NGOs Sue Texas to Continue Bussing, Flying Border Crossers into U.S.

Central American migrants are pictured making their way to El Paso Sun Metro busses after being dropped off in downtown El Paso by Immigration and Customs Enforcement late in the afternoon on Christmas day, December 25, 2018. - About 200 Asylum seekers were dropped off by ICE as part of …
PAUL RATJE/AFP via Getty Images

A group of non-governmental organizations (NGOs), represented by the American Civil Liberties Union (ACLU), have filed a lawsuit against Texas Gov. Greg Abbott in an attempt to continue bussing and flying border crossers into the United States interior.

In July, Abbott issued an executive order that banned NGOs from providing transportation into the U.S. to border crossers and illegal aliens who have been detained by Customs and Border Protection (CBP) or who have been ordered removed under the Center for Disease Control’s (CDC) Title 42 authority.

Days later, President Joe Biden’s Department of Justice (DOJ) filed a lawsuit against Texas to block the order from being enforced. This week, a former President George W. Bush-appointed judge temporarily blocked the order from being enforced.

On Thursday, NGOs like Annunciation House, a member of the Catholic Volunteer Network, and Angry Tias and Abuelas of the Rio Grande Valley filed a lawsuit asking a federal judge to permanently block the order and rule it unconstitutional.

According to the lawsuit, Annunciation House and Angry Tias and Abuelas both help bus and fly border crossers into the interior of the U.S. after they are released from Department of Homeland Security (DHS) custody.

“Annunciation House … contracts with a local company once or twice a week to transport migrants in passenger vans in groups of approximately 15,” the lawsuit states.

“Angry Tias funds roughly 25 trips that involve at least two migrants in the vehicle per month; two to six migrants may ride in taxis funded by Angry Tias together at a time,” the lawsuit continues:

Additionally, Angry Tias members drive recently arrived asylum seekers, including those recently released from federal immigration custody, in the Rio Grande Valley to medical appointments, bus stations, and airports. These trips include groups of multiple asylum seekers per vehicle.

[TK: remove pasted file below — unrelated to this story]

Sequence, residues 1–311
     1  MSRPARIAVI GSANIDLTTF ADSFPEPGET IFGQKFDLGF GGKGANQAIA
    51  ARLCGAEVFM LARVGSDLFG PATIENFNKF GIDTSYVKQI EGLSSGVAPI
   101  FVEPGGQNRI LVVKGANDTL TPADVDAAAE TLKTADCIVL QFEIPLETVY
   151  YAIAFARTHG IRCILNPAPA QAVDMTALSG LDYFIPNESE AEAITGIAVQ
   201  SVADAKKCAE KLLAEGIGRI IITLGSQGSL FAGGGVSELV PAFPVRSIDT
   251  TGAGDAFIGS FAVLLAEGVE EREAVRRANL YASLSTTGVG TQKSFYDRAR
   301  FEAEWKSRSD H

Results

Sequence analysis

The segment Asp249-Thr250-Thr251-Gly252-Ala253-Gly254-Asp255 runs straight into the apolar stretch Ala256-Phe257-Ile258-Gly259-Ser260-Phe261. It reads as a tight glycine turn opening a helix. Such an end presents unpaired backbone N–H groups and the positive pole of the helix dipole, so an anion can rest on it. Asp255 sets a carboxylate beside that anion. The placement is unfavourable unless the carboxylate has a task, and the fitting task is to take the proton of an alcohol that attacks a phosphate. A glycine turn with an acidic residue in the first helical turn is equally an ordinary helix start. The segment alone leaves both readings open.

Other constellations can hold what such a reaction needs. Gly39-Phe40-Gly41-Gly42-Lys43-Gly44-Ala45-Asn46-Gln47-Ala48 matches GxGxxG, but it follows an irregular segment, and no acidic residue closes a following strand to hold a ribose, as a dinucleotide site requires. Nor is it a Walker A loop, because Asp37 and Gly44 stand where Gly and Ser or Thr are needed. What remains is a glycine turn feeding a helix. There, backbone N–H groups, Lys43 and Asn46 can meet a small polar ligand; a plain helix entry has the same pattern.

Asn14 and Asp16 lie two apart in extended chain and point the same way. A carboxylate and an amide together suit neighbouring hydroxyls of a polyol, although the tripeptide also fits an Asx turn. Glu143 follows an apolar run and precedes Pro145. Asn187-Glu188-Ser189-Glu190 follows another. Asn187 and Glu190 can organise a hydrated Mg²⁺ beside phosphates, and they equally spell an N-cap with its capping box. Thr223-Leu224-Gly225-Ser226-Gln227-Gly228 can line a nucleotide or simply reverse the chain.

[Emphasis added]

The lawsuit states that border crossers “often use ground transportation — particularly buses” in El Paso, Texas; McAllen, Texas; and Brownsville, Texas that they were driven to by “shelters and multi-passenger taxis” typically paid for by NGOs.

Likewise, the lawsuit states that border crossers “fly out of airports in the Texas-Mexico border area.” Annunciation House “frequently takes migrants from their shelters to the El Paso International Airport in vehicles carrying up to 15 passengers at a time.”

Angry Tias also funds taxis for border crossers to take to the airports.

Abbotts’ order, the lawsuit argues, will crush the massive Catch and Release operation that NGOs like Annunciation House and Angry Tias are part of:

If the executive order goes into effect, Plaintiff Annunciation House will be seriously hindered in providing support to migrants in the El Paso area through its shelters. The executive order threatens to force Annunciation House to close. The executive order will prevent migrants from journeying out of the border areas to their ultimate destinations. If migrants cannot continue on to destinations outside of border areas, Annunciation House will not be able to accept new guests, and Annunciation House is not set up to provide long-term housing. Annunciation House also anticipates that many volunteers will stop driving due to the executive order and that it will not be able to replace them. This will prevent Annunciation House from transporting migrants from the shelters to their ultimate destinations — a key component of the aid they currently provide migrants. [Emphasis added]

Plaintiff Angry Tias will be greatly hindered in aiding migrants in the Rio Grande Valley. Individual volunteer members of the Angry Tias will be forced to choose between their humanitarian work and the executive order’s harsh penalties. Some will stop driving, while others will risk detention, heavy fines, and vehicle impoundment. One member will certainly stop driving, as she cannot risk vehicle impoundment as the sole caregiver to her 87-year-old husband with late-stage Alzheimer’s disease. [Emphasis added]

For months, the Biden administration has been releasing tens of thousands of border crossers and illegal aliens into the U.S. interior. Former CBP Commissioner Mark Morgan has said that “few to none” of the border crossers arriving at the southern border are vaccinated against the Chinese coronavirus.

As Breitbart News reported, the latest data reveals that the Department of Homeland Security has released about 173,000 border crossers and illegal aliens into the U.S. interior — some of which have been found to skip out on their quarantine and continue traveling into the country despite having coronavirus.

For perspective, the number of border crossers released into the U.S. interior by the Biden administration is nearly 17 times the population of Jackson, Wyoming.

The case is Annunciation House v. Abbott, No. 3:21-cv-00178 and was filed in the U.S. District Court for the Western District of Texas.

John Binder is a reporter for Breitbart News. Email him at jbinder@breitbart.com. Follow him on Twitter here

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